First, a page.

Their promises are alluring: a toned tush, defined hamstrings and taut calves acquired by doing nothing more than strapping on a pair of funky-looking kicks and going about your daily activities. Toning shoes feature thick, rounded soles that rock as you walk, creating more instability in your lower body and, according to manufacturers, resulting in a greater calorie burn and muscle activation. Whether or not toning shoes fulfill these promises is up for debate, but what is certain is that their design changes the way you walk -- potentially resulting in pain in your calves as well as other areas.
The padding and instability of toning shoe soles may feel like they are working your muscles, and in a way, they are. You have to alter the way in which you walk or run when wearing them, because they are different than being barefoot or wearing typical athletic shoes. You are using different muscles and activating the same ones in a new way, so some soreness is possible, especially in the calves, knees, hips and back.
Pain in your calves could be an indication of a strain, pull or tear. Patrice Winter, a physical therapist at George Mason University in Fairfax, Virginia, told "Redbook" that running in toning shoes could cause you to overstretch the calf. If you feel pain when wearing the shoes, go back to shoes that do not hurt; if the pain persists, seek a doctor's advice.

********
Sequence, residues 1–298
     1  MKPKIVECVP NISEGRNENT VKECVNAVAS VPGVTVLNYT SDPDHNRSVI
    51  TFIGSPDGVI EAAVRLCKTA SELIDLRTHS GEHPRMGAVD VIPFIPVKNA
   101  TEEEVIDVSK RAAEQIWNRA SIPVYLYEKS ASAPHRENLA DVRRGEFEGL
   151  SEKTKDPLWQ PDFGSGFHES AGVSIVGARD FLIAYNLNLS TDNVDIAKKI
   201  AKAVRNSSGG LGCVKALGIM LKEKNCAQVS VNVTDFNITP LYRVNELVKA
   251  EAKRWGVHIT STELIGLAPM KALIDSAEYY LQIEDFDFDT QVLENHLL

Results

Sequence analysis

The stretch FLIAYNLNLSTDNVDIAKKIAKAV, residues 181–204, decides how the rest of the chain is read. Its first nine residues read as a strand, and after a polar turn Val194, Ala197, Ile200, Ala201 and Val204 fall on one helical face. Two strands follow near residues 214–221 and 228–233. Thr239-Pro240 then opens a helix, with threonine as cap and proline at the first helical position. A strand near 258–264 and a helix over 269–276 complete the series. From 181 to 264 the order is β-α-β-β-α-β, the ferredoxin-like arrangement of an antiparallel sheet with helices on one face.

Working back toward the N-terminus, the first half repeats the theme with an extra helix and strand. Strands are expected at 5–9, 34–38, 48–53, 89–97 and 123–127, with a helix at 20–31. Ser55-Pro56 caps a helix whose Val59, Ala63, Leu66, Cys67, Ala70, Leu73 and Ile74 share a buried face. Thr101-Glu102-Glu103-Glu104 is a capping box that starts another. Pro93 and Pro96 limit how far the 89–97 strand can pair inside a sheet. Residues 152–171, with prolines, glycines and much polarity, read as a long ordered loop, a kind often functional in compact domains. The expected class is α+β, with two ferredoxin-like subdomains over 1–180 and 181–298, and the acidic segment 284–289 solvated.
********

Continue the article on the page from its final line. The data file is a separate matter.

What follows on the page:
If you think tolerating sore or painful calves while wearing your toning shoes will eventually lead to the glamorous gams for which you yearn, think again. A study sponsored by the American Council on Exercise in August 2011 showed no statistical difference in the level of muscle activation in participants wearing toning shoes or regular running shoes. They may make your legs feel achy or sore, but ACE found the shoes were the nearly the same as regular athletic shoes when it comes to calorie burn and muscle engagement, including in the gastrocnemius -- the largest of the two calf muscles.
For ladies set on wearing toning shoes, experts such as Winter recommend easing into wearing the shoes. Go for an hour or two at a time, rather than an all-day, on-your-feet marathon. Taking your time gives your body a chance to become accustomed to the changes in muscle recruitment. Also weigh the risks of toning shoes against the benefits before investing in a pair. In May 2011, "Consumer Reports" made note of dozens of injuries attributed to the shoes that included leg pain, broken bones and tendinitis. Your calves are not the only part of your body vulnerable to injury when you wear the shoes.
Andrea Cespedes is a professionally trained chef who has focused studies in nutrition. With more than 20 years of experience in the fitness industry, she coaches cycling and running and teaches Pilates and yoga. She is an American Council on Exercise-certified personal trainer, RYT-200 and has degrees from Princeton and Columbia University.